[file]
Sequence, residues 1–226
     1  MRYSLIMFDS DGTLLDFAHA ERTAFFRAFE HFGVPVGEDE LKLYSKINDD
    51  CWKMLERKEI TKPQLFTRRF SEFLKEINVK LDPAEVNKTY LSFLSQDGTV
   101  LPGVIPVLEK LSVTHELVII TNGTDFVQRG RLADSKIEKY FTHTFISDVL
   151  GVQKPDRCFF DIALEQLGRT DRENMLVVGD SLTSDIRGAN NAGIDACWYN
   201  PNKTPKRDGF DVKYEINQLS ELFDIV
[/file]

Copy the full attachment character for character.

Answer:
Sequence, residues 1–226
     1  MRYSLIMFDS DGTLLDFAHA ERTAFFRAFE HFGVPVGEDE LKLYSKINDD
    51  CWKMLERKEI TKPQLFTRRF SEFLKEINVK LDPAEVNKTY LSFLSQDGTV
   101  LPGVIPVLEK LSVTHELVII TNGTDFVQRG RLADSKIEKY FTHTFISDVL
   151  GVQKPDRCFF DIALEQLGRT DRENMLVVGD SLTSDIRGAN NAGIDACWYN
   201  PNKTPKRDGF DVKYEINQLS ELFDIV